APR 16, 2008
This retrospective case series analyzed all culture-positive endophthalmitis cases treated over a 10-year period at a large referral center that were diagnosed within six weeks of clear corneal cataract surgery. The 31 patients diagnosed during the first week after their surgery had a worse prognosis than the 42 diagnosed between eight and 42 days following their surgery, the study's authors found. Risk factors for poor visual acuity of 5/200 or worse at the final follow-up time included endophthalmitis diagnosis within one week of clear corneal cataract surgery, worse presenting vision, and a causative organism other than coagulase-negative species.
The authors compared the results of the current study to those reported in the Endophthalmitis Vitrectomy Study (EVS), which was published in the Archives of Ophthalmology in December 1995. Although outcomes were similar, cases of endophthalmitis following clear corneal cataract surgery in the current study appear to present later in the postoperative course than cases reported in the EVS study, which primarily included those with scleral incisions.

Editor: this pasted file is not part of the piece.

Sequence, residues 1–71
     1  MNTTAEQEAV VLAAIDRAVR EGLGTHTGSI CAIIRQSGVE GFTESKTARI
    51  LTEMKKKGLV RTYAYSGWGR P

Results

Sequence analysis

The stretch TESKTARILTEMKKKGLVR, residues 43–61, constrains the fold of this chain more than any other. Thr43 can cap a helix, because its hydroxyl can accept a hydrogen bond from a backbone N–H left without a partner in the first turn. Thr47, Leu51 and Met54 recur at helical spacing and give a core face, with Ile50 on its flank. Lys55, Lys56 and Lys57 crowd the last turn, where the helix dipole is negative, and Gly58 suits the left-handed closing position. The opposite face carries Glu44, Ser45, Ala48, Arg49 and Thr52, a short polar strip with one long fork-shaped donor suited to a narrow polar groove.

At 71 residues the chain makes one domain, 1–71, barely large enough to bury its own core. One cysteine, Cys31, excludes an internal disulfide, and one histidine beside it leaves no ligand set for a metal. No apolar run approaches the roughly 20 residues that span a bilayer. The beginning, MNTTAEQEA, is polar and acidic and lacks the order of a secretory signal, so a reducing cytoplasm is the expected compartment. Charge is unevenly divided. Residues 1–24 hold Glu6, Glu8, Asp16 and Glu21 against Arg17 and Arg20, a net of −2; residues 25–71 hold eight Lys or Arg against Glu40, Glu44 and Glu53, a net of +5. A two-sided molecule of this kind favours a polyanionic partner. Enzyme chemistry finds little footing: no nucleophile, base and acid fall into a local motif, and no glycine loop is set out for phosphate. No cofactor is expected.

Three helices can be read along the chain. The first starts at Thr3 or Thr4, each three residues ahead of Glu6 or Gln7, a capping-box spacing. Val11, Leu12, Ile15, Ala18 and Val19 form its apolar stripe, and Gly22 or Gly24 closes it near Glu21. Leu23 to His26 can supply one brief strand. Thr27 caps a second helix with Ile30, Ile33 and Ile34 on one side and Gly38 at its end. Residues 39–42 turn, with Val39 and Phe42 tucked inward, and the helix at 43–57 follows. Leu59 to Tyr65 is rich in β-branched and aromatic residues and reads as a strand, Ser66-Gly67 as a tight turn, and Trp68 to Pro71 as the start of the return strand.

However, the question still arises regarding whether a properly constructed clear corneal incision presents a greater risk for endophthalmitis. Recent papers by authors, such as Howard Fine, MD, have demonstrated that when clear corneal incisions are properly executed, wound integrity is superb. This suggests that other factors, such as the performance of proper lid hygiene, prescription of preoperative antibiotics, use of Betadine immediately before surgery, and meticulous attention to isolating the lids and lashes from the surgical site, may play a greater role in the prevention of endophthalmitis.
Dr. Hill is a consultant to Alcon, Carl Zeiss Meditec, and Santen. He also receives lecture fees from both Alcon and Carl Zeiss Meditec.